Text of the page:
A restored Yarm Town Hall has moved closer to completion with renovations complete ready for fitting out as a new “heritage centre”.

The 18th-century grade II listed landmark on High Street is now ready to be fitted out with exhibits and features as Yarm Heritage Centre.

The outside has been renovated with its original eight arches opened up and fitted with glazing, along with a repainted clock tower and restored weather vane.

A centrepiece will be ‘An Island In The River’, a permanent display with memories and artefacts including a replica of the first ever Viking helmet found in Britain, a fire and flood bell dating back to the site’s previous use as a toll booth, a ceremonial sword belonging to lord of the manor Thomas Meynell and a bushel measure from the original weighbridge.

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Key historical objects and stories will be linked to community groups and present-day life in the town on the ground floor.

Themes including wars, the river, the environment, industry, entertainment and the restoration itself will be explored in exhibitions upstairs with a meeting space and learning area.

Organisers say they have been careful and sensitive with the £600,000 project to keep the building’s character, stabilising features like sloping floors, a fireplace and clock tower ladders.

The Northern Echo: Yarm Town Hall with Peter Monck and Nigel Cooke by GLYarm Town Hall with Peter Monck and Nigel Cooke by GL (Image: LDR)

Modern additions include LED lighting, iPads with headphones, new efficient heating and night-time projections of a holographic film of the River Tees, celebrating the powerful connection between the town and the river.

Yarm Town Council chairman Councillor Peter Monck has worked for four years to revive the project and bring a long-held dream to fruition, linking with schools, volunteers, architects, builders and groups.

He said: “I just can’t put into words how important this has been for me and how much I appreciate all the work that’s gone in.

The Northern Echo: Councillor Peter Monck, chairman of Yarm Town Council, in front of the restored Yarm Town Hall.Councillor Peter Monck, chairman of Yarm Town Council, in front of the restored Yarm Town Hall. (Image: LDR)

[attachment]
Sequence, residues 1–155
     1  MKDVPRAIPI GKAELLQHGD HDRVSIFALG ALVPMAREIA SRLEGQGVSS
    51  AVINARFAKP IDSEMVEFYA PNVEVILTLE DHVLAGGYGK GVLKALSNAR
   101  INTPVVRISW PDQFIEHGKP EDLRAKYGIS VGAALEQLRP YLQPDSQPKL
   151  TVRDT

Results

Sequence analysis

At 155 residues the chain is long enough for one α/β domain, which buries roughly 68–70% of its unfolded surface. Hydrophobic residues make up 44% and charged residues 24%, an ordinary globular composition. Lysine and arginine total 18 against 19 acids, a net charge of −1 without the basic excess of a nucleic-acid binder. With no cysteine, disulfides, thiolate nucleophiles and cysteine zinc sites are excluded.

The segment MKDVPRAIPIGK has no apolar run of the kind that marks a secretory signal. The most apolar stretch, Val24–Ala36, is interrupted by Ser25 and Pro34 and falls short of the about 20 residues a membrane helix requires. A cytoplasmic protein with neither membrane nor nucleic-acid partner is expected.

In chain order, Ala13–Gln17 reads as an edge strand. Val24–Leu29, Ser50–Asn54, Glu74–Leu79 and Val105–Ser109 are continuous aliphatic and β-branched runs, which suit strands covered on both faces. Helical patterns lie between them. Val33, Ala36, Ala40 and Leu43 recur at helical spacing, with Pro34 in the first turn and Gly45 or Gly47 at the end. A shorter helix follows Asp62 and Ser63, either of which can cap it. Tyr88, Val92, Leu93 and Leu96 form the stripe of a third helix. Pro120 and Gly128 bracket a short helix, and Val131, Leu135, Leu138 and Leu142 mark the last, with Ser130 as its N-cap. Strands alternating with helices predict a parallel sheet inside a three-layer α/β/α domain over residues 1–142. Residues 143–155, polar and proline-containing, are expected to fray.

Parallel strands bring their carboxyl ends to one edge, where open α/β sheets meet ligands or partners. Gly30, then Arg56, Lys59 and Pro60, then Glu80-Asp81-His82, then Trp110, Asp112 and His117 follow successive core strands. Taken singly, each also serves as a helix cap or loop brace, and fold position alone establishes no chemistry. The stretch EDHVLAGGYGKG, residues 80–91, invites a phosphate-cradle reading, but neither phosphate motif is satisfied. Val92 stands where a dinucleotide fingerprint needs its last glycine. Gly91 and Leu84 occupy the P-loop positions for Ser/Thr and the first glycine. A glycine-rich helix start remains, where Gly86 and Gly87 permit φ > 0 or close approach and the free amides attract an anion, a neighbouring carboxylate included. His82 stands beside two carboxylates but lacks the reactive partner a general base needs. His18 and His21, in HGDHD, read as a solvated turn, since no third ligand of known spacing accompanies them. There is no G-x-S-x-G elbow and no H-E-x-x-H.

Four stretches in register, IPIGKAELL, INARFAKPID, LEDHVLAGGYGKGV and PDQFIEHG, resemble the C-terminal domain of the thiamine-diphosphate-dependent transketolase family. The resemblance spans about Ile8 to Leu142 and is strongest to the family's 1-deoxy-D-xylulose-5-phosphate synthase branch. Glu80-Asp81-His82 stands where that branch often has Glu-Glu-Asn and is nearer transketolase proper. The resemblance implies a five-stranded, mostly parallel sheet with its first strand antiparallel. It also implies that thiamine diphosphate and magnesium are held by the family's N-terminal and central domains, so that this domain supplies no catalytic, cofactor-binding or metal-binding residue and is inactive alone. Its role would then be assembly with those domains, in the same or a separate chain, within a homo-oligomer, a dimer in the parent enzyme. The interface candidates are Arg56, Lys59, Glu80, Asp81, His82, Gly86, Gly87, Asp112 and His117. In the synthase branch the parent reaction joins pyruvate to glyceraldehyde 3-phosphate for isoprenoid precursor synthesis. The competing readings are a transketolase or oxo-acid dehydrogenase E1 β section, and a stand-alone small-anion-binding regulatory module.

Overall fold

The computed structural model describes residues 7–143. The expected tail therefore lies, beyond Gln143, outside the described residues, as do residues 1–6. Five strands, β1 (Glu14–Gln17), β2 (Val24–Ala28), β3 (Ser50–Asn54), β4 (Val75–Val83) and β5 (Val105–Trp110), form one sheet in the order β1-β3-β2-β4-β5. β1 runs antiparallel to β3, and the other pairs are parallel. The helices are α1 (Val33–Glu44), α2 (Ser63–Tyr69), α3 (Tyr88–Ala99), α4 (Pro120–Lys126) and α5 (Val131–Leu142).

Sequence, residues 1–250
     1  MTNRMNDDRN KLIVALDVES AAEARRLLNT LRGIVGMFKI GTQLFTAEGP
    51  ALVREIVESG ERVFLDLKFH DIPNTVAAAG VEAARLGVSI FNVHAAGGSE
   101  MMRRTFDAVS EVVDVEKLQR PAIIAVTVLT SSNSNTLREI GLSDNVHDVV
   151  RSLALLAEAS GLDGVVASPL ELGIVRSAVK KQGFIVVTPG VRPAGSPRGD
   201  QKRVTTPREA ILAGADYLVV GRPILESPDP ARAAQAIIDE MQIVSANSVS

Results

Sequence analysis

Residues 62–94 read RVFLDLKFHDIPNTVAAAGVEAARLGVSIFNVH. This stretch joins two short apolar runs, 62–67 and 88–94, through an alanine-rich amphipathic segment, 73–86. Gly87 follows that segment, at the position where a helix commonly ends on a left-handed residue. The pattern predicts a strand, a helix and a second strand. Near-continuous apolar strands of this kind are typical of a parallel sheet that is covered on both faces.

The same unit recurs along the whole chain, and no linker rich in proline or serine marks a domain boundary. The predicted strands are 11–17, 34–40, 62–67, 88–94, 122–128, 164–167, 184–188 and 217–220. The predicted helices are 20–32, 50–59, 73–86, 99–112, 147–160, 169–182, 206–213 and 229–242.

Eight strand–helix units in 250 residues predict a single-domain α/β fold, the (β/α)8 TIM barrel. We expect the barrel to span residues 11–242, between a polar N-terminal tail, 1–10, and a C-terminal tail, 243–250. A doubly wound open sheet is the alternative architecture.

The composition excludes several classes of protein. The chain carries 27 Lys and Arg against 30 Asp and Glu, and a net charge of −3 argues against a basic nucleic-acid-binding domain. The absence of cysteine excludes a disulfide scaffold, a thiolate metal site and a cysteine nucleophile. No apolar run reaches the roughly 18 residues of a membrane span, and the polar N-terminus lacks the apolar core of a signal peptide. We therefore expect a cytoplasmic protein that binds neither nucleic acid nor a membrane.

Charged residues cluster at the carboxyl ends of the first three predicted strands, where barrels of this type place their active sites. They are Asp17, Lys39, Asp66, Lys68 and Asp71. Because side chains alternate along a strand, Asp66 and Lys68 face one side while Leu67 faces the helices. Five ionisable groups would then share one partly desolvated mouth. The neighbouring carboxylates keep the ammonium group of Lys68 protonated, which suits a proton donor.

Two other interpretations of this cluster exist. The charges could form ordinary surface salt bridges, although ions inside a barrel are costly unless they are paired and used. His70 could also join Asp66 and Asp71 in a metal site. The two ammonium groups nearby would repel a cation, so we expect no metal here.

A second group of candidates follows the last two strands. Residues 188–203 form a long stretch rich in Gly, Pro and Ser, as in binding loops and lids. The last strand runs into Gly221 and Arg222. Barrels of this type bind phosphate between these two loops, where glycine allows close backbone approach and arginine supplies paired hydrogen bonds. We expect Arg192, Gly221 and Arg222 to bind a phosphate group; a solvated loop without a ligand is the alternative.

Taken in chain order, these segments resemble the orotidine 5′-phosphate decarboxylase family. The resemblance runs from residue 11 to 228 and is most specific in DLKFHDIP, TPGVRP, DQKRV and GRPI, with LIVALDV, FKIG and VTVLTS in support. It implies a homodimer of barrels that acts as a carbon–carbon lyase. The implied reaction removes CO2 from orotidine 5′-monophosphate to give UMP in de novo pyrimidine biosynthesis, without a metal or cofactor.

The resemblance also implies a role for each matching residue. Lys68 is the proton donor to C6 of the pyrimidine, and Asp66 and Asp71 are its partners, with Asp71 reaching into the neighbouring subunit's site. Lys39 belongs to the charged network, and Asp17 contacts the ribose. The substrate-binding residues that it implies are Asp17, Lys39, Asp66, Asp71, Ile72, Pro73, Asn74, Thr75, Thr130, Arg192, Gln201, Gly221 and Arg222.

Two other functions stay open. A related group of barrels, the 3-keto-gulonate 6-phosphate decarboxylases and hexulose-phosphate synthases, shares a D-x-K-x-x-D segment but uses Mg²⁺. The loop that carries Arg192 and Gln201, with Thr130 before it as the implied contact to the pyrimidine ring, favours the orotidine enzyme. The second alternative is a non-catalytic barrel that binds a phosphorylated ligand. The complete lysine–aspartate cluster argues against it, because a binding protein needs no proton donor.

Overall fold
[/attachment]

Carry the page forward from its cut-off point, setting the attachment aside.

“We’ve now got this iconic building back even better than it was when it was built. It’s not been without its issues, as happens with historic buildings, but the end result is absolutely unbelievable.

“I’ve been involved with the council for over 30 years. I’ve seen things happen in the background and thought, this has to happen.

“Covid came and stopped everything, but it just carried on. It’s come out far better than I ever envisaged it would. It’s really a big thank you to everybody involved in it.

The Northern Echo: Inside the newly restored Yarm Town HallInside the newly restored Yarm Town Hall (Image: LDR)

“We’ve now got a heritage centre to promote the past, present and future heritage of Yarm. I know people are going to be really impressed with what we have planned to do inside.

“When it was built in 1710 the ground floor was a market cross with all the arches open. That’s what we wanted to try to achieve, to put it back as it was, albeit with a modern twist to it. That’s been achieved brilliantly.

“This was built before America was founded and it’s stood the test of time. Over recent years there’s been deterioration in the building which is the first reason I wanted to do this, to restore it to its original form.”

The Northern Echo: Councillor Peter Monck, chairman of Yarm Town Council, in front of the restored Yarm Town HallCouncillor Peter Monck, chairman of Yarm Town Council, in front of the restored Yarm Town Hall (Image: LDR)

The proposals were developed by Yarm Town Council and Stockton Council, with money from the government’s Levelling Up Fund, the town council and borough council’s town centres investment programme, and work by Wharton Construction, architects Howarth Litchfield, artist Matthew Rosier and media arts organisation Mediale.

Cllr Nigel Cooke, Stockton Council’s regeneration cabinet member, said: “I’ve been coming here since I was a kid. it’s been well worth the wait. It’s exceeded my expectations.

“It’s a real privilege to be involved in this. We were very pleased to be able to invest in this scheme and it’ll benefit many generations.

It’s about the next 50 years, the next 100 years. I’m sure many schoolchildren will enjoy coming here and learning about the history, and adults like myself.”

The town council will now start the fit-out of exhibition spaces and heritage programme, with a bid going in to the National Lottery Heritage Fund and volunteers coming forward for a Friends of the Yarm Heritage Centre group to manage it. The centre is set to open in late autumn.